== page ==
The sedan’s trunk volume of 15.3 cubic feet is above the class average.

Any mechanical changes?

Yes, on the GT. Other 2020 models will carry over with the mechanicals that debuted on the third-generation Forte. FE, LXS, GT Line, and EX will reprise a 2.0-liter four-cylinder engine with 147 horsepower and 132 pound-feet of torque. A 6-speed manual transmission is standard on the FE. Optional on that model and standard otherwise is the brand’s first CVT.

Kia tasked its engineers to concentrate on the most common criticisms associated with continuously variable transmissions. Instead of shafts and cogs, a CVT uses belts and pulleys, which allow for a near-infinite number of gear ratios. Such a design can cause excessive noise and vibration, as well as “rubber banding” where engine speed races ahead of road speed during acceleration.

The company addressed the former by wrapping the transmission case in sound-deadening material. Officials claim a 5-decibel reduction from the outgoing Forte, which had a conventional automatic transmission. To sort the rubber banding, the gearbox uses a chain-style belt instead of the more traditional push belt. Combined with specialized shift logic, and this is one of the best CVT implementations available. Acceleration is smooth and linear, with the car feeling faster than its horsepower and torque ratings indicate. The pre-programmed virtual gear changes are very convincing. The extra sound insulation around the transmission makes a difference as well as we experienced no unwanted noise or vibration. Other automakers with CVT-equipped vehicles do well to study and imitate Kia’s design.

GT grades will borrow their 1.6-liter turbocharged four-cylinder engine from the Hyundai Elantra Sport and Veloster. It will produce 201 horsepower, 195 pound-feet of torque, and pair with the buyer’s choice of a 6-speed manual or 7-speed dual-clutch automatic transmission. Acceleration in this model should mirror that of a similarly equipped Hyundai Veloster Turbo, with a bit of lag from a standing start. Power would come on strongly thereafter. We are confident the automatic transmission won’t suffer from the annoying shudder that plagued other Hyundai and Kia vehicles equipped with it.

Non-GT Forte models handle well enough, with good steering feel and grip in tight corners. Ride quality is a concern, however. Our EX review sample’s firmly sprung suspension made the ride borderline harsh on pockmarked Midwestern roads. This is despite the car having 17-inch wheels on non-low-profile tires. The GT will have 18-inch wheels on an even stiffer suspension. Although we have not yet tested one, our experience with the EX will have us approaching the sportier model with some trepidation.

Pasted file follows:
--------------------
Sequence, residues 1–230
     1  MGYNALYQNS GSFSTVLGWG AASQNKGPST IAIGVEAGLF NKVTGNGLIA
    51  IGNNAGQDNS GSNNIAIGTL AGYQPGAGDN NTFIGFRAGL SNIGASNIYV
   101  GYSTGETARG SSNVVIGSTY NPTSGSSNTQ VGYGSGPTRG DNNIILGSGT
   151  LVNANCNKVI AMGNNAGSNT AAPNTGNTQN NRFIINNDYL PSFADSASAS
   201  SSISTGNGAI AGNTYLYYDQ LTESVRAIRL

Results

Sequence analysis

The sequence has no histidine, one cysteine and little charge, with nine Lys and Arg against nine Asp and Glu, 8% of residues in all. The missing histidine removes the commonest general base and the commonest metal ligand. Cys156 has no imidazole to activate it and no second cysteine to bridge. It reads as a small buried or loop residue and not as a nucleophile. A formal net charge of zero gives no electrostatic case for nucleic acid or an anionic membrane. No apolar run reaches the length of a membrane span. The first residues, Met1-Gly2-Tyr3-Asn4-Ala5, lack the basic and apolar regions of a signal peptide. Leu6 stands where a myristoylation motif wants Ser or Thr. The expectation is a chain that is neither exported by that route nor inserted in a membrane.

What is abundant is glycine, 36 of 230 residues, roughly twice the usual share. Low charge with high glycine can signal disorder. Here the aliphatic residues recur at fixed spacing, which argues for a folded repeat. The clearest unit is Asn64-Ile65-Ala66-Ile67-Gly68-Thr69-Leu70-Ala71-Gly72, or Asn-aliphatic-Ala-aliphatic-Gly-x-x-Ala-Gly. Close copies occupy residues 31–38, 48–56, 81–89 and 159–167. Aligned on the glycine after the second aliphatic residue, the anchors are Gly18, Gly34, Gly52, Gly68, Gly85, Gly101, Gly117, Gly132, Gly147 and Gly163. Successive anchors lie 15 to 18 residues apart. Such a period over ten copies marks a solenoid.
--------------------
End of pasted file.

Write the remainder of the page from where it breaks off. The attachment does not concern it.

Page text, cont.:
Will fuel economy improve?

The addition of the turbocharged GT will almost certainly see Forte’s overall fuel-economy ratings take a small hit. While ratings for the 2020 lineup were not available in time for this review, we expect those for the 2.0-liter engine to be the same as they were for 2019.

All models, even the GT, will use regular-grade 87-octane gasoline.

The ’19 Forte FE rates 27/37/31 mpg with manual transmission and 31/41/35 mpg with the CVT. All other 2.0-liter grades include the CVT and rate 30/40/34 mpg. Our EX review sample averaged 31.8 mpg with most of our test taking place in low-speed, cold-weather, and urban conditions. Expect the GT to rate roughly 22/30/25 mpg with manual transmission and 26/33/29 mpg with the dual-clutch automatic.

2020 Forte GT

Will there be new features?

Yes, for the GT Line and GT. While Kia is focusing a lot of energy on taking its brand upmarket with vehicles such as the Stinger and upcoming Telluride crossover, we’re pleased to see the company has not lost sight of what contributed to its success in the North American market: Well-built vehicles with a lot of content for the money and backed by strong warranty coverage.